What are companies doing with their existing, under-utilised resource, re-allocating it to be useful in these challenging periods. For example:

  • Using analytics teams to study the impact of remote working on productivity and delivering the right customer outcomes in customer service functions.
  • HR projects to look at processes to support the long-term impacts of remote working on morale, a sense of being part of the company, the impact on culture and company beliefs – especially if you’re with a firm who are now considering the long-term potential benefits of a remote workforce
  • Moving acquisition marketing teams to support customer marketing teams, rather than needing to hire in contract resource to deliver customer communications at pace at a time of crisis
  • Helping to move vulnerable and non-tech savvy customers online so they can continue to transact and not be cut off – e.g. online banking

What to take from this

What we’re experiencing now is just a pause button moment. A moment’s breath in an all too hectic life lived at breakneck speed. A chance to reflect and reinvent. Globally, this sparked as a health crisis, not a financial one. It’s important to remember that.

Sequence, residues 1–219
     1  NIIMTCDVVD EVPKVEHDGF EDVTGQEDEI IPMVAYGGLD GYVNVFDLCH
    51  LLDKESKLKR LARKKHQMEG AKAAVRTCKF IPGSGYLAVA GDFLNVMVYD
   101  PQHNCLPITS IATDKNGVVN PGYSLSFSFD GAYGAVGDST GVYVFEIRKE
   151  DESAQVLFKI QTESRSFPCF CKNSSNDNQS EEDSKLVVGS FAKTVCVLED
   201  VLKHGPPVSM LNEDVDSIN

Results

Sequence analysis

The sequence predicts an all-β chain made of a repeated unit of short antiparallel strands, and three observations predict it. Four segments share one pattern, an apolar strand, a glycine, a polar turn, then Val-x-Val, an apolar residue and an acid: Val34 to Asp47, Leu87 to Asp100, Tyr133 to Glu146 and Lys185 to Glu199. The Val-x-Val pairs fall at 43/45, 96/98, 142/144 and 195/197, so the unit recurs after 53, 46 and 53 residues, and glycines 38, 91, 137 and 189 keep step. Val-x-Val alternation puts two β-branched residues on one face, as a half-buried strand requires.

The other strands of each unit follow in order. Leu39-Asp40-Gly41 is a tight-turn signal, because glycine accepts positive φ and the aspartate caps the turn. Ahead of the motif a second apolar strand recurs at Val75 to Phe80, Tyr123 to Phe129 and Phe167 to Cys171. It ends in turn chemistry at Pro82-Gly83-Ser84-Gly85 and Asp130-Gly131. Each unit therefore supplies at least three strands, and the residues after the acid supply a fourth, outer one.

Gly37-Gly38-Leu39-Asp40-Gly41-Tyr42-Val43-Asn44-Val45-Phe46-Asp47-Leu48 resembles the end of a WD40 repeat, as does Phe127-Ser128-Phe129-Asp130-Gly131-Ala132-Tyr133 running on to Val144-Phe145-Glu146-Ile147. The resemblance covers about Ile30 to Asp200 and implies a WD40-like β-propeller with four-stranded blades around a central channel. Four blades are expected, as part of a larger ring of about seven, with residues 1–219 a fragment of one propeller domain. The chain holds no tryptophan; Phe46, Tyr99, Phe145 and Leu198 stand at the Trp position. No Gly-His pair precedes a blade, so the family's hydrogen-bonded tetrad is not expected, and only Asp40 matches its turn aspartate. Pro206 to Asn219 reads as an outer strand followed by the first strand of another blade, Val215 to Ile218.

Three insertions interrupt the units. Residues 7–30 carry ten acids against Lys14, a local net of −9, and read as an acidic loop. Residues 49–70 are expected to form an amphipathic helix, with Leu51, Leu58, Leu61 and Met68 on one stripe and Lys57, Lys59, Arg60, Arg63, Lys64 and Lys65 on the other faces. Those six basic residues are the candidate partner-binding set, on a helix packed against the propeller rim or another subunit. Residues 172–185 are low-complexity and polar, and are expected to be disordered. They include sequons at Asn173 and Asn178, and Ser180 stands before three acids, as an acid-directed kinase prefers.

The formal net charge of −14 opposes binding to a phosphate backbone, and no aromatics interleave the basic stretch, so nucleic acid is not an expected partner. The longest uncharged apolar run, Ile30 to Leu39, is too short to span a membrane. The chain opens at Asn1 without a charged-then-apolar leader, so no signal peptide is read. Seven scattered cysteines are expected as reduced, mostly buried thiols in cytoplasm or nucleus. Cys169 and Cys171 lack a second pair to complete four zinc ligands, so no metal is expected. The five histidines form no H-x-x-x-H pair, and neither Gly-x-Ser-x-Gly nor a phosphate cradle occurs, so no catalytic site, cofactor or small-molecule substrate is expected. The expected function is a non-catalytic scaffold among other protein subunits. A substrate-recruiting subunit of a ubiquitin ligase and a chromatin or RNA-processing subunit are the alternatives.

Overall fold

There’s going to be casualties, but many aren’t because of Covid-19.

The Reinvention of Everything

There’s a theory surrounding the ‘reinvention of everything’. How Cassette were replaced by CD, CD replaced by iTunes, and how iTunes is being replaced by Spotify.

How VHS was replaced by DVD, replaced by Blu-Ray, replaced by Netflix.

More recently, BrightHouse being pushed out by Klarna.

This moment could be the opportunity for all involved in a recruitment environment to re-invent either themselves, or the industry.

For employers

  • To re-shape their organisations and approach to engaging future talent. If remote working works, do they need so many offices? Can they engage people from farther afield and trust good people to deliver good work without needing to be tied to any proprietary location?
  • Can they save a fortune on fully remote customer service operations with what they’re learning and applying now?